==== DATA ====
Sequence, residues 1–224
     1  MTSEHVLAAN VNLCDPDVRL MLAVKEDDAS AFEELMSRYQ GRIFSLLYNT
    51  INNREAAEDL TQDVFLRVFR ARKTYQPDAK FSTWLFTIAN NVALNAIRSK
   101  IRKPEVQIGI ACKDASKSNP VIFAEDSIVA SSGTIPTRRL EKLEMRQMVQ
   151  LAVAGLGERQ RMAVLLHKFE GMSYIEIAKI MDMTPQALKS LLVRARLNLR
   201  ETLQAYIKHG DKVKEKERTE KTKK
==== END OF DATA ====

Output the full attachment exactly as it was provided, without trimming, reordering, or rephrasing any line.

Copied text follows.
Sequence, residues 1–224
     1  MTSEHVLAAN VNLCDPDVRL MLAVKEDDAS AFEELMSRYQ GRIFSLLYNT
    51  INNREAAEDL TQDVFLRVFR ARKTYQPDAK FSTWLFTIAN NVALNAIRSK
   101  IRKPEVQIGI ACKDASKSNP VIFAEDSIVA SSGTIPTRRL EKLEMRQMVQ
   151  LAVAGLGERQ RMAVLLHKFE GMSYIEIAKI MDMTPQALKS LLVRARLNLR
   201  ETLQAYIKHG DKVKEKERTE KTKK